Russian media said Yevgeny Prigozhin was listed as a passenger on a plane that crashed Wednesday.
All 10 people on the business jet died, but it's unclear if the Wagner Group leader was actually on board.
US officials said that if the reports of his death are confirmed, "no one should be surprised."
US officials say "no one should be surprised" if Wagner Group leader Yevgeny Prigozhin actually died in a plane crash on Wednesday. Though his fate remains uncertain, Russian state media reported that his name was on the passenger list for the jet that went down, killing everyone on board.
A private jet that was traveling between Moscow and St. Petersburg on Wednesday evening crashed in the Tver region, just outside of Moscow, state-run news agency TASS reported. All 10 people on board — including three pilots and seven passengers — are reported to have died. Although Prigozhin's name was included on the list of passengers, it's not immediately clear if the mercenary boss was actually on the aircraft.
"We have seen the reports. If confirmed, no one should be surprised," White House National Security Spokesperson Adrienne Watson said in a statement shared with Insider.
A US State Department spokesperson reiterated that point and added that "the disastrous war in Ukraine led to a private army marching on Moscow, and now — it would seem — to this."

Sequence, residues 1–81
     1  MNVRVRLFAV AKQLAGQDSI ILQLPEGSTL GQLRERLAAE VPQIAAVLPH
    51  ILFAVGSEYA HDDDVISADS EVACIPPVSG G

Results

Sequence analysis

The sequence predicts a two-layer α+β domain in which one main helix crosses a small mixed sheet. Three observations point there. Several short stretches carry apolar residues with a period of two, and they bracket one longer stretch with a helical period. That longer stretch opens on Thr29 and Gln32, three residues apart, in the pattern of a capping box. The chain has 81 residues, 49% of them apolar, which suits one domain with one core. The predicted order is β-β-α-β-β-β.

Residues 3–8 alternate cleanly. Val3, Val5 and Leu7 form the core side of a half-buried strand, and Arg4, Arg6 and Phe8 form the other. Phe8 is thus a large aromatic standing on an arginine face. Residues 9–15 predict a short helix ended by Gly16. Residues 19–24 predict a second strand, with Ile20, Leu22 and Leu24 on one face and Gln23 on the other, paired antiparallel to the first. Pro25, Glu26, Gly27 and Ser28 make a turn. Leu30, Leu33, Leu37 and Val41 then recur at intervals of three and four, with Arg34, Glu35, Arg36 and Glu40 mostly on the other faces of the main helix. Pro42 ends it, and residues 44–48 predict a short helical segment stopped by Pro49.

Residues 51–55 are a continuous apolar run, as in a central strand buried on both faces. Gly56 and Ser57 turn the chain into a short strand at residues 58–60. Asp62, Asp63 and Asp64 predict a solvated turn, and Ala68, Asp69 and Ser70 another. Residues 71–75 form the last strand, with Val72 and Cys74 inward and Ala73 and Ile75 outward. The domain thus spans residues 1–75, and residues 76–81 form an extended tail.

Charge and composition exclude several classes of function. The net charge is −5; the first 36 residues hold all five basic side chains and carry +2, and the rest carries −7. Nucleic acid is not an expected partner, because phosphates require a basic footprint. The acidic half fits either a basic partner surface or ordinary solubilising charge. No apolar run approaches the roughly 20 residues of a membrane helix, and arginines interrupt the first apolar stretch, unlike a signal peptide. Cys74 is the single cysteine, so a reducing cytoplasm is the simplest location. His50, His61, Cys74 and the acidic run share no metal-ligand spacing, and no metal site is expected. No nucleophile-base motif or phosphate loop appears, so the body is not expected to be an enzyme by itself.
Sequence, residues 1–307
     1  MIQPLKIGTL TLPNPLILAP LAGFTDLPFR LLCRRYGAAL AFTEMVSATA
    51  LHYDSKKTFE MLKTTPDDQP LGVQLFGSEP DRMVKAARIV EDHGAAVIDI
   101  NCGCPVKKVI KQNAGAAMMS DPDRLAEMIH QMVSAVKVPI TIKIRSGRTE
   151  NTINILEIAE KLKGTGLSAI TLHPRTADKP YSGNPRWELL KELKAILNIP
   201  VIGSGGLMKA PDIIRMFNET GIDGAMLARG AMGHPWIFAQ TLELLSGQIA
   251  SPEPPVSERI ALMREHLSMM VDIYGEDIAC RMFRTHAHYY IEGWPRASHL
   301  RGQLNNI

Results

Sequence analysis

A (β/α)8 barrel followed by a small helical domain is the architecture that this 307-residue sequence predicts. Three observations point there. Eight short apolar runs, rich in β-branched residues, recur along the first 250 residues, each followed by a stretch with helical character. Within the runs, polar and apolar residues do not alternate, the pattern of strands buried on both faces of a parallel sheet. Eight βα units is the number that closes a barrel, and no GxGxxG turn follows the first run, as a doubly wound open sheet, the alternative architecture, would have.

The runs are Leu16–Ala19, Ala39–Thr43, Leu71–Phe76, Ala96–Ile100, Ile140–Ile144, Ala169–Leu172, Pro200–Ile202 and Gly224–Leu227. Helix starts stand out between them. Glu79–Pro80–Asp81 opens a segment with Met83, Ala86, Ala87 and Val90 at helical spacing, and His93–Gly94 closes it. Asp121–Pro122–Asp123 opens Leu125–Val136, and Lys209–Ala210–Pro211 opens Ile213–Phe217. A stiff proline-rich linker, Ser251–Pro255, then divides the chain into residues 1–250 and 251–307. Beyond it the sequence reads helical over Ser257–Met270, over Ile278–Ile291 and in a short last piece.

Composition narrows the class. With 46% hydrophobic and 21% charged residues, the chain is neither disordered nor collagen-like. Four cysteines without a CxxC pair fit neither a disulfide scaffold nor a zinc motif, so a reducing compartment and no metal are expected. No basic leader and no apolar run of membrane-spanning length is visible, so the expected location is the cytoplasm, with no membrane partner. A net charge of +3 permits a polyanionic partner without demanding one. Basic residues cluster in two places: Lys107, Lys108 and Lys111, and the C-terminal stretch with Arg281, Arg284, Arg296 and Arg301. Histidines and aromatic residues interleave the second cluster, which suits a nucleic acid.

The plane crash happened exactly two months after Prigozhin incited a short-lived mutiny against Russia's military leadership, setting off a series of high-level purges and internal power shifts. The Wagner boss appeared at first to have escaped without significant punishment, but Western officials predicted that Russian President Vladimir Putin might still seek revenge.
"Putin is someone who generally thinks that revenge is a dish best-served cold," CIA Director Bill Burns told a security forum in July. "In my experience, Putin is the ultimate apostle of payback, so I would be surprised if Prigozhin escapes further retribution for this."
President Joe Biden even joked at one point that if he were Prigozhin, he would be extremely vigilant. "If I were he, I would be careful what I ate. I would be keeping an eye on my menu," Biden told reporters last month, apparently alluding to past poisonings of people who crossed Putin. There's a laundry list of adversaries who Putin is suspected of having killed during his time in power.
Prigozhin's whereabouts since the armed rebellion have been somewhat of a mystery. Belarus brokered negotiations between Russia and Wagner to end the chaos, and the resulting agreement saw Prigozhin cast into exile in the neighboring country, with his mercenaries given a chance to join him.
Wagner Group fighters eventually began training Belarus' soldiers at a military camp where Prigozhin was spotted in July. Prigozhin said that month that his mercenaries would stay in Belarus for some time before eventually traveling to Africa, where Wagner is present in several countries and has been accused of committing widespread atrocities.
Prigozhin recently appeared in a video that surfaced earlier this week and was purportedly filmed from an undisclosed location in Africa, although Insider could not confirm his presence there. It's not immediately clear if Prigozhin then traveled to Russia and was aboard the doomed flight.
Some Wagner-affiliated social media channels claimed on Wednesday that the plane was downed by Russia's air-defense systems, but it's unclear what caused the plane to crash. Moscow's defense ministry has not yet commented on the incident. Investigations into the crash appear to be ongoing.
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